“Legal World” in Heterotopy of Homelessness

Maria Mendel
Uniwersytet Gdański

The presentation refers to the research work conducted under the umbrella of European Commission project called “The Homelessness Agenda”. In the light of heterotopic perspective in which its subject is rooted, this presentation locates itself in the filed of ‘pedagogy of place’. Such place-conscious or place-based pedagogy means always pedagogy which is full of sensitivity about pre-scientific space, which is based on educational interruption of dialectical relationship between human-being and his world that never exists externally, behind of him.
The text is focused on the issue of homelessness as social institutional practices that are always ritual in their essential meaning regarding to the changes in the individual or the social subject.
One of the analytical categories taken into consideration in the research mentioned above is ‘Legal world’.
I will present selected parts of the analysis concentrating on the ritual processes which constitute the heterotopy of homelessness and create possibilities of change of this category in both individual and social dimensions.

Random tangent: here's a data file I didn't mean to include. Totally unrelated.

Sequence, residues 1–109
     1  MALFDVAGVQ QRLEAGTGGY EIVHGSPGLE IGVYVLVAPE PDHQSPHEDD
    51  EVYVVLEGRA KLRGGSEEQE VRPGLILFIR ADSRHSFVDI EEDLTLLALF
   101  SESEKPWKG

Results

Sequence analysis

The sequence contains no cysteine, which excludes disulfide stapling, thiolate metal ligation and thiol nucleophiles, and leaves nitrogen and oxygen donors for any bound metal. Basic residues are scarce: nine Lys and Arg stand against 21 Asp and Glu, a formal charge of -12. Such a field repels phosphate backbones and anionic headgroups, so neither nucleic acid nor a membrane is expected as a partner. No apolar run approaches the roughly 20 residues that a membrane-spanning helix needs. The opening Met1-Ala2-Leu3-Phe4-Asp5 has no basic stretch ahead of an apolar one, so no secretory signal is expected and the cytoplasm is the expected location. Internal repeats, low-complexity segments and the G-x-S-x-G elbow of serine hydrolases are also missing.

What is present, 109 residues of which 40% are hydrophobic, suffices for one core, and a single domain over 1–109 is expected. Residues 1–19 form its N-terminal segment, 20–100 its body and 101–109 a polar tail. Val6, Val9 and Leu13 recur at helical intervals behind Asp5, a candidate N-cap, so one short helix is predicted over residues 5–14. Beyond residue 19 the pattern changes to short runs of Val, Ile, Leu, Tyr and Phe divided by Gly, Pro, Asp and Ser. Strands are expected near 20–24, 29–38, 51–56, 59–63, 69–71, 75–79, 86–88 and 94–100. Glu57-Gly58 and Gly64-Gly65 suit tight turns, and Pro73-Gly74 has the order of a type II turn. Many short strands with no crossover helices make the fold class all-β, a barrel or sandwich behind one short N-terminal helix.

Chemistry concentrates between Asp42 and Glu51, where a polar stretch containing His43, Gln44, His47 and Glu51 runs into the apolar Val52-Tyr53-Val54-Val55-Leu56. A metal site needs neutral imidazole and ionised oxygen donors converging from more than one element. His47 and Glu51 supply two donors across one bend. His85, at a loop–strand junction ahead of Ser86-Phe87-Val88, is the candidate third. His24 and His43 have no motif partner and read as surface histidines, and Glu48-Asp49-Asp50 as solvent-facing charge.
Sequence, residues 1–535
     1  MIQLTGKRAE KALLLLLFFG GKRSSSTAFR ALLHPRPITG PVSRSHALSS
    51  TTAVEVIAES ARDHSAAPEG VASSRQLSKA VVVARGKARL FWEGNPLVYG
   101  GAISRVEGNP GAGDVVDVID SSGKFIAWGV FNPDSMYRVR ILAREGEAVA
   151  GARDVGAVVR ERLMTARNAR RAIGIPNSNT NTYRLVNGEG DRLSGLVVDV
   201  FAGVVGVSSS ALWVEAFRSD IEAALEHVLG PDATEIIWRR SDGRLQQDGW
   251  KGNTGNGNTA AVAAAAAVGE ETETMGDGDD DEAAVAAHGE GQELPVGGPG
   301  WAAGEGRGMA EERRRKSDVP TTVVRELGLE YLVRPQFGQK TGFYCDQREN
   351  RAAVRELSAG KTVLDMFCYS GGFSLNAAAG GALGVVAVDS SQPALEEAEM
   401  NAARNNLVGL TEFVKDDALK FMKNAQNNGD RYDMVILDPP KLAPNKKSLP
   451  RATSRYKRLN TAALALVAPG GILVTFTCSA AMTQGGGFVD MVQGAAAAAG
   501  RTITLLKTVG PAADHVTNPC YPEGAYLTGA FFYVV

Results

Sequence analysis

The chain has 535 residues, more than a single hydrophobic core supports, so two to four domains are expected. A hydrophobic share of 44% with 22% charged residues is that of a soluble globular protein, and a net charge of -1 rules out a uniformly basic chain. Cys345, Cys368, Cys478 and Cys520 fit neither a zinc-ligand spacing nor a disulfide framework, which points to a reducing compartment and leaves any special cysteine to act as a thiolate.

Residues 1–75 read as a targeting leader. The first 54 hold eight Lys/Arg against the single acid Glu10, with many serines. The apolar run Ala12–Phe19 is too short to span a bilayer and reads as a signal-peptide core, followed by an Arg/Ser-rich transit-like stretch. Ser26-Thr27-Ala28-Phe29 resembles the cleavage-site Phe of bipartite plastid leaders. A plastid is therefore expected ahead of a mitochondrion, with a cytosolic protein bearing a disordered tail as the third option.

The pedagogical work on rituals creating the heterotopy of homelessness could brake the vicious circle of social reproduction of privileges and marginalisations, and might significantly change current conditions of social life.

Social change in transition system

Miron Kłusak, Instytut Politologii UG

main theses:
Inevitability of authoritarian system breakdown
Adequacy problem of structural changes
Economic conditioning of political changes
Strains and social conflicts in new political structures
Properties of social change
Political consequences of social tension


Transition from monopoly to freemarket system meant necessity of structural changes. The freemarket economy started conditions for making choices. However, freedom resulted in inequality and social, economical and political conflicts. A society shaped in monopoly conditions was not adjusted to competition and private property. New changes did not bring new ideas. Building of new model of society demanded fundamental structural, political, economic and social changes.